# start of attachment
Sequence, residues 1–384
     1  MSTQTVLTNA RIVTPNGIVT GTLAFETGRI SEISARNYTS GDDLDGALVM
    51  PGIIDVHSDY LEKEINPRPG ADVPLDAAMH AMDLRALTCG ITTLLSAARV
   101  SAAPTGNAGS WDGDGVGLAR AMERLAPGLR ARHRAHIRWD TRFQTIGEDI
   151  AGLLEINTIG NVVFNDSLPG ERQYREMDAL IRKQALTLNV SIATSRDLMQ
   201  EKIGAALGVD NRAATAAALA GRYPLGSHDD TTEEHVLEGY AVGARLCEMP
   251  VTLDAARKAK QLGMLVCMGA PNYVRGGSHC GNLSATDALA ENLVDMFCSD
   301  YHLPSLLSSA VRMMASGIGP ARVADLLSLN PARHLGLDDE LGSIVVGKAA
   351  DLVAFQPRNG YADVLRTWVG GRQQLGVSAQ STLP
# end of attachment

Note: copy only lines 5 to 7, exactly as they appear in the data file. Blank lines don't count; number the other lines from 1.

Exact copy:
   151  AGLLEINTIG NVVFNDSLPG ERQYREMDAL IRKQALTLNV SIATSRDLMQ
   201  EKIGAALGVD NRAATAAALA GRYPLGSHDD TTEEHVLEGY AVGARLCEMP
   251  VTLDAARKAK QLGMLVCMGA PNYVRGGSHC GNLSATDALA ENLVDMFCSD